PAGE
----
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Powering profits with solar energy

Many landowners are exploring solar farming as a way of maximising the profitability of their sites, but there are some potential pitfalls to be aware of. Olivia Midgley gets some top tips from Dawn Carlisle, partner at Leeds-based law firm Shulmans.

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Get expert advice

While it might go against the grain, it is always advisable to get a specialist land agent on board to advise and assist on the best deal possible.

 

The solar market changes frequently due to reducing government set tariffs, fluctuations in the equipment and construction costs, and the value of investment in the site. Therefore, getting good advice is paramount, including a discussion with your accountant as there are various tax issues which may arise.

 

Secondly, involve your lawyer as soon as possible to check it is legally possible to develop the land in this way. For example, your title deeds may have restrictive covenants restricting the use of land or there may be third party rights which effectively sterilise parts of the land, therefore making it less valuable for the proposed purpose. It is best to know all of this upfront to avoid all parties wasting time.

 

In relation to costs, it is more usual than not for the solar developer to meet the landowner’s reasonable legal and land agents’ costs and your solicitor should get cover for you by way of a legal undertaking covering those costs.


Ensure you retain control

It is usual for a solar developer to ask you to sign an option agreement to give them time to get their planning permission and grid connection agreement.

 

Typically, these can last from nine months to two years. It is a good idea to include obligations on their part to pass the rights to drawings and planning information to you if they do not exercise the option and also for them to assign the benefit of any grid connection agreement they have entered into.

 

This way you have an advantage if there is a likelihood of anybody else coming to the table. Make sure there are rights for you to terminate the option should planning be refused, unless they are permitted to appeal.

 

As an aside, if your land is used for grazing there is usually no objection to you continuing to graze livestock on a licensed basis, subject to no harm being done to the solar apparatus. Other low impact farming operations may also be permitted.


Ensure you retain control

It is usual for a solar developer to ask you to sign an option agreement to give them time to get their planning permission and grid connection agreement.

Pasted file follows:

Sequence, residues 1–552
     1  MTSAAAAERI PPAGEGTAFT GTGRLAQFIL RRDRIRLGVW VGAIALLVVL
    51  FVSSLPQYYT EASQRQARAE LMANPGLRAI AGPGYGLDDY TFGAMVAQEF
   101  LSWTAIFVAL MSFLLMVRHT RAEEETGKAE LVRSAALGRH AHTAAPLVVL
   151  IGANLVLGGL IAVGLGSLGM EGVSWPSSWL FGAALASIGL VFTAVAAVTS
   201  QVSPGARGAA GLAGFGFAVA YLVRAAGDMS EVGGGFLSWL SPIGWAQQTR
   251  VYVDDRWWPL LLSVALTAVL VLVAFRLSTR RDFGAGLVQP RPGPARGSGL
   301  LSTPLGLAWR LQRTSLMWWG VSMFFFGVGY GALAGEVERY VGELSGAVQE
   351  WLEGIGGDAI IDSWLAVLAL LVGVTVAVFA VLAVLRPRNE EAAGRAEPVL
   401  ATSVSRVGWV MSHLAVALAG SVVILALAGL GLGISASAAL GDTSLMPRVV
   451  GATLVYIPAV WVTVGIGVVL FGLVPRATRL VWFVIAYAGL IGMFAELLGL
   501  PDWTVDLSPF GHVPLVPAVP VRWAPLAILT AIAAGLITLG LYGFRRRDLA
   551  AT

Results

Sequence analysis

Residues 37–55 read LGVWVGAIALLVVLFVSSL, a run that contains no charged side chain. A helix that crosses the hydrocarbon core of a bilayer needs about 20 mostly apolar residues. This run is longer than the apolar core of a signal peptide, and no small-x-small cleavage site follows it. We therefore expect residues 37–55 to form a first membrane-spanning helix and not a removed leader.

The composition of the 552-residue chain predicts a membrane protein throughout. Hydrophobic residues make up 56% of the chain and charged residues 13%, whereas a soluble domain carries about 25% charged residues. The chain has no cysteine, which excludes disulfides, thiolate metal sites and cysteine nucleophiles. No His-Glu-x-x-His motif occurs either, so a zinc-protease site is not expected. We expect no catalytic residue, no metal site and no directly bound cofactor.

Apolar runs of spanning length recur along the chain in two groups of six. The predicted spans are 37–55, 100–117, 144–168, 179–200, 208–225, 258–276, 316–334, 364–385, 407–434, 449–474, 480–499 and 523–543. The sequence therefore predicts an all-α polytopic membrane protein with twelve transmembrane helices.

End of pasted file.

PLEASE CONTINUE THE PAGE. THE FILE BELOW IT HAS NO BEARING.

Typically, these can last from nine months to two years. It is a good idea to include obligations on their part to pass the rights to drawings and planning information to you if they do not exercise the option and also for them to assign the benefit of any grid connection agreement they have entered into.

 

This way you have an advantage if there is a likelihood of anybody else coming to the table. Make sure there are rights for you to terminate the option should planning be refused, unless they are permitted to appeal.

 

As an aside, if your land is used for grazing there is usually no objection to you continuing to graze livestock on a licensed basis, subject to no harm being done to the solar apparatus. Other low impact farming operations may also be permitted.


Minimise risk

While negotiations proceed, the question of whether you should demand some security for the developer to decommission the kit at the end of the lease term is always a thorny point. From the landowner’s perspective, you want to be sure the developer will remove the equipment and if they just walk away you have some financial cover in order to do the work yourself. It is likely to be a condition of the planning permission that it is decommissioned at some point.

 

There are various means by which financial security can be arranged, whether at the beginning of the lease or at some later point. This should be discussed between the parties early in the negotiations as this can often be a sticking point at the last minute.


Agree terms

Once you are at the stage where the option has been entered into, the planning permission obtained and the lease is due to complete, some option agreements allow the developer to take possession of the site and carry out the development before completion of the lease.

 

In my experience, it is always harder to pin someone down to complete a document when they already have possession, particularly if rent is only due once the lease is complete. This can cause a headache, with potential for dispute. It is therefore perhaps better to grant a slightly longer term to allow the developer to carry out the installation only after the lease is completed, which still gives them enough years to be able to claim the full entitlement to the relevant tariffs once the development is complete and certified.

 

You will also want to consider the impact of any work being carried out and having contractors on your land. The timing of works may impact operations, loss of crops and it could also affect Basic Payment Scheme and its relevance if you can continue using the land. The actual presence of contractors on land can often lead to disputes if all of these things have not been discussed and agreed up front.


See the returns

While all of this may sound overwhelming, when thoughtfully considered the arrangements between landowners and solar developers can be highly beneficial for all concerned. There are many good developers out there and, with proper advice from advisers with specialist knowledge, there can be an excellent partnership where both the landowner and solar developer can benefit handsomely.

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